Man of the Internet Hour
BuzzFeed’s Eugene Lee Yang lays bare what makes him click with diverse audiences.
story by REERA YOO
photographs by MACEY J. FORONDA
As a video producer, writer, director and actor for BuzzFeed Video, Eugene Lee Yang is one of the most visible and charismatic figures trending on the Internet these days.
It doesn’t hurt that as one of “The Try Guys”—a group of four young men who will try just about any stunt for the digital news and entertainment company’s mega online audience—the 29-year-old is willing to strip down and serve sushi on his naked body, wear women’s lingerie or undergo labor pain simulations to spark conversation among the masses.
But make no mistake, beyond his goofy physical stunts and experimentations on camera, the Texas-raised Korean American, as a filmmaker for BuzzFeed Video, has explored such thought-provoking themes as body image among women or racial bias in online dating. He’s also helping shine a spotlight on diversity and representation in American pop culture through such videos-gone-viral as Awkward Moments Only Asians Understand and If Asians Said the Stuff White People Say, which pointedly turn the tables on racial microaggressions.
Growing up in the Austin, Texas, suburb of Pflugerville, Yang was one of only a few Asians. Getting bullied for his Asian features and Korean cultural background instilled in him an early introspection and sensitivity regarding racial discrimination.
From a young age, the creatively inclined Yang gravitated toward the arts, from illustration to theater to choir, orchestra and dance, but it wasn’t until the seventh grade when a teacher suggested he try filmmaking that Yang considered it a viable career option.
“The thought [of pursuing filmmaking] never occurred to me before because I had no idea Asians even existed in Hollywood,” Yang told KoreAm via email.
After graduating from the University of Southern California with a film degree in 2008, Yang worked as a freelance music video and commercial director for L.A.-based production company The Menagerie. Upon referral from a colleague, he joined BuzzFeed in 2013 as an online video producer. For a year, Yang worked largely behind the camera on various shorts. When he starred alongside comedienne Jenny Yang (no relation) in the BuzzFeed comedy sketch If Asians Said the Stuff White People Say, the video blew up, launching the filmmaker’s path to producing additional relatable content for diverse audiences.
KoreAm spoke with Yang, a Los Angeles resident, about his huge online following and the state of Asian American representation in media today. The following interview has been edited for length and clarity.
KoreAm: Your videos are immensely popular with viewers. Ever reflect why?
Yang: BuzzFeed Motion Pictures fosters a unique, collaborative environment where producers can also be featured as onscreen talent. I think my prevalence is a simple case of supply-and-demand: There can always be more people of color in front of the cameras. The Internet’s response is particularly vociferous when viewers connect with an actor from an underrepresented community.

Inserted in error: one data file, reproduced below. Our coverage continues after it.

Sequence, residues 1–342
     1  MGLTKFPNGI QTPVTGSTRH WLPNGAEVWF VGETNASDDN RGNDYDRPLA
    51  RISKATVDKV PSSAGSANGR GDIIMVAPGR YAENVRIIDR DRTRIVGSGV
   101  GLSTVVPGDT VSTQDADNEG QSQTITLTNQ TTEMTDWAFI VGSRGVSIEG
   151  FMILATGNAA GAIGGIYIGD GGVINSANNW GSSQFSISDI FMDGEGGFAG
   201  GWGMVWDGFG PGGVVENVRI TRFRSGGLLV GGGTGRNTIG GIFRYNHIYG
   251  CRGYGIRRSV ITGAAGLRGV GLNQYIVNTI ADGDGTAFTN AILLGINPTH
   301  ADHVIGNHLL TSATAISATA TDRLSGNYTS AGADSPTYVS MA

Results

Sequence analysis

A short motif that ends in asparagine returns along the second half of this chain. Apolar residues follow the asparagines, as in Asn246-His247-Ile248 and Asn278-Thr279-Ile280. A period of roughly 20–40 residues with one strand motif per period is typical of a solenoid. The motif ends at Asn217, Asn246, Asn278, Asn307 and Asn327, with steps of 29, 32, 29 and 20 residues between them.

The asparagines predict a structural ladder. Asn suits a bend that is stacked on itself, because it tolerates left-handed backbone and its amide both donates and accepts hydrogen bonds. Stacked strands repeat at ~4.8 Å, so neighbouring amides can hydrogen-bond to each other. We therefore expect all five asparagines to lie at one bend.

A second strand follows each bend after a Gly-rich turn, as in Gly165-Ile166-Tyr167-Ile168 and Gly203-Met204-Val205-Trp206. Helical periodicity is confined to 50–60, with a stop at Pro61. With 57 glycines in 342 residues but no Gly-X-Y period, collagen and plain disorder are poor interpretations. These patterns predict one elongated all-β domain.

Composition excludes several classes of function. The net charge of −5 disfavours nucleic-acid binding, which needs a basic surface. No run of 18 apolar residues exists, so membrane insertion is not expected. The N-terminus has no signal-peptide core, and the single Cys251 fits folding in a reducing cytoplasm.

The beauty of BuzzFeed personalities such as myself, Ashly Perez and Quinta B., is that, because of our wide variety of content and characters, anyone can relate to our videos, regardless of race, gender or sexuality. The fact that anyone can see themselves in nonwhite protagonists has led to a rare, amazing relationship with our online audience.
Which we’ve witnessed with videos like Awkward Moments Only Asians Understand and If Asians Said the Stuff White People Say.
Yes. There’s a sense of agency and authenticity in those videos exploring racial issues that you don’t see in Hollywood. The bottom line is that they’re written, produced and acted by an Asian American. There’s so much value in ownership, and the audience immediately picks up on whose voice is telling a story.
How has the online medium given you more creative freedom?
In online media, we aren’t restricted by out-of-touch producers and formulas perpetuated by racial generalizations. The Internet allows me to present myself as an original person. I’m crass, I’m confident, I’m often naked and I don’t give a sh-t about what people think of me. I am merely representing myself as honestly as possible, and that transparency gradually begins to inform the audience’s perception of Asian Americans. To be fair, I also studied a lot, respect my parents and look fabulous in women’s clothing, but it’s all part of an evolution where we’re representing ourselves to be just as complex as any white leading character.
What was it like being one of the few Asians in your hometown in Texas?
I was bullied and tokenized, as one might expect a kid from one of the only Asian families in ’90s Texas to be, but I wasn’t scarred. The constant categorization of my “otherness” was fueled by lazy insults targeting my face and culture. But I had enough clarity to distinguish my minority struggle from what my black and Latino friends had to endure. While they suffered institutionally, I dealt with kids telling me I was ugly, weird and that my house smelled funny.